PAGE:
give the thread pool more opportunities to improve throughput by
adjusting the thread count. The shorter the duration of individual
tasks, the more often the thread pool can measure throughput and
adjust the thread count accordingly.
To make this concrete, consider an extreme example. Suppose
that you have a complex financial simulation with 500 processor-intensive
operations, each one of which takes ten minutes on average
to complete. If you create top-level tasks in the global queue for each
of these operations, you will find that after about five minutes the
thread pool will grow to 500 worker threads. The reason is that the
thread pool sees all of the tasks as blocked and begins to add new
threads at the rate of approximately two threads per second.
What’s wrong with 500 worker threads? In principle, nothing, if
you have 500 cores for them to use and vast amounts of system
memory. In fact, this is the long-term vision of parallel computing.
However, if you don’t have that many cores on your computer, you are
in a situation where many threads are competing for time slices. This
situation is known as processor oversubscription. Allowing many
processor-intensive threads to compete for time on a single core adds
context switching overhead that can severely reduce overall system
throughput. Even if you don’t run out of memory, performance in this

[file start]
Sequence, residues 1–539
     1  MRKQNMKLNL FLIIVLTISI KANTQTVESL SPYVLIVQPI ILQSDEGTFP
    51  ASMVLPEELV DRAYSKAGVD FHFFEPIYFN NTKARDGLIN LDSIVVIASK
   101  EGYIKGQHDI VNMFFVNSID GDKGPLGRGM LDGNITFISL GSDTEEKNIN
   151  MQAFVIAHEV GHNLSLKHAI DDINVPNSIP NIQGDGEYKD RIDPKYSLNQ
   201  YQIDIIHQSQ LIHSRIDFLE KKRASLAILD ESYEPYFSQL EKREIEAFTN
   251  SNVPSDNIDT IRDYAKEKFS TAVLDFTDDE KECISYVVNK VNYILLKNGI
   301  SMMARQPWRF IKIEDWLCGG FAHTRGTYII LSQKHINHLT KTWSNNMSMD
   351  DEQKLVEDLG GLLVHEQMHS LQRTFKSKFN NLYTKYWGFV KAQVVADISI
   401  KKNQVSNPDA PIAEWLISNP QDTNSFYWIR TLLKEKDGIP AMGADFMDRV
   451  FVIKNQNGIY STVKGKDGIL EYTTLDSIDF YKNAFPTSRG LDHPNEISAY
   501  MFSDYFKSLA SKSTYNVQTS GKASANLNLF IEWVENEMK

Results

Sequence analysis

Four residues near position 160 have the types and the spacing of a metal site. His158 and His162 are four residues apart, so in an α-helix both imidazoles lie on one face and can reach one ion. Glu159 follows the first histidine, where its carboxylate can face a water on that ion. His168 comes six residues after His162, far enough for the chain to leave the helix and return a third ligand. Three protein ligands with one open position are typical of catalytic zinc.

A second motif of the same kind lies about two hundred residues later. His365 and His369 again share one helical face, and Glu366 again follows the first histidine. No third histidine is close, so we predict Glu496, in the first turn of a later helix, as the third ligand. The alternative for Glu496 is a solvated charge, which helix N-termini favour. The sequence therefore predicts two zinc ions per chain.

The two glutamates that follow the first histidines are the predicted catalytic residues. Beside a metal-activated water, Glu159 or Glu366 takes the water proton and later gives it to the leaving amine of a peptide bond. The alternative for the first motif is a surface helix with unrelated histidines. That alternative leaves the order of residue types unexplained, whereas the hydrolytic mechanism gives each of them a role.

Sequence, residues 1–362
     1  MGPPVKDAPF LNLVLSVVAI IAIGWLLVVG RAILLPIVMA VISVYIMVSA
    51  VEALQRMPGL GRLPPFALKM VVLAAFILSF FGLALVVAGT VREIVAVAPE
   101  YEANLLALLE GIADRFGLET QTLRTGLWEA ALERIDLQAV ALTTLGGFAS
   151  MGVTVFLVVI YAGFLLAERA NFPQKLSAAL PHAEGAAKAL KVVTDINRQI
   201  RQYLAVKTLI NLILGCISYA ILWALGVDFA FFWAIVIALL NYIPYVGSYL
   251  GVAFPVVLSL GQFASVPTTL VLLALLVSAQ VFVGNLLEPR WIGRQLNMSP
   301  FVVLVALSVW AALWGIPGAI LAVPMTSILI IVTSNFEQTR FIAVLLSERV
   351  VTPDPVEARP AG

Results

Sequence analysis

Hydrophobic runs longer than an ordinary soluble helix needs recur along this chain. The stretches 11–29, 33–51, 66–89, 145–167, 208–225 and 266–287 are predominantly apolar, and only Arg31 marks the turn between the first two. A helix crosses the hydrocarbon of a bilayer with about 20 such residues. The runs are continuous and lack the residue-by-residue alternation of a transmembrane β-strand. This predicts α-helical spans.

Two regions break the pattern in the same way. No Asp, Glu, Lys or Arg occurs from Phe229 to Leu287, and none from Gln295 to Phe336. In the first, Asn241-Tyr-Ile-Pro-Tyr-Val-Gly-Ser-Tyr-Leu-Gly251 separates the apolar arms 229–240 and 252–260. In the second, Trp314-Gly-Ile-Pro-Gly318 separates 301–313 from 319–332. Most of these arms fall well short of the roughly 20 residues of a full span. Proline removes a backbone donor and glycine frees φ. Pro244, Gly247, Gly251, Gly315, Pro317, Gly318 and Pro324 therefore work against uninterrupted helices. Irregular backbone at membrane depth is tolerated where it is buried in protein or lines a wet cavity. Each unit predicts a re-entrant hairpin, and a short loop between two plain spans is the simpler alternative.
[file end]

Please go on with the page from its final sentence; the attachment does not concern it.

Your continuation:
situation can be much, much worse than in sequential computation.
(Each context switch takes between 6,000 and 8,000 processor cycles.)
The cost of context switching is not the only source of overhead.
A managed thread in .NET consumes roughly a megabyte of stack
space, whether or not that space is used for currently executing functions.
It takes about 200,000 CPU cycles to create a new thread, and
about 100,000 cycles to retire a thread. These are expensive operations.
As long as your tasks don’t each take minutes, the thread pool’s
hill-climbing algorithm will eventually realize it has too many threads
and cut back on its own accord. However, if you do have tasks that
occupy a worker thread for many seconds or minutes or hours, that
will throw off the thread pool’s heuristics, and at that point you
should consider an alternative.
The first option is to decompose your application into shorter
tasks that complete fast enough for the thread pool to successfully
control the number of threads for optimal throughput.
A second possibility is to implement your own task scheduler
object that does not perform thread injection. If your tasks are of long
duration, you don’t need a highly optimized task scheduler because
the cost of scheduling will be negligible compared to the execution
time of the task. MSDN® developer program has an example of a
simple task scheduler implementation that limits the maximum degree
of concurrency. For more information, see the section, “Further Reading,”
at the end of this chapter.
As a last resort, you can use the SetMaxThreads method to
configure the ThreadPool class with an upper limit for the number
of worker threads, usually equal to the number of cores (this is the
Environment.ProcessorCount property). This upper limit applies for
the entire process, including all AppDomains."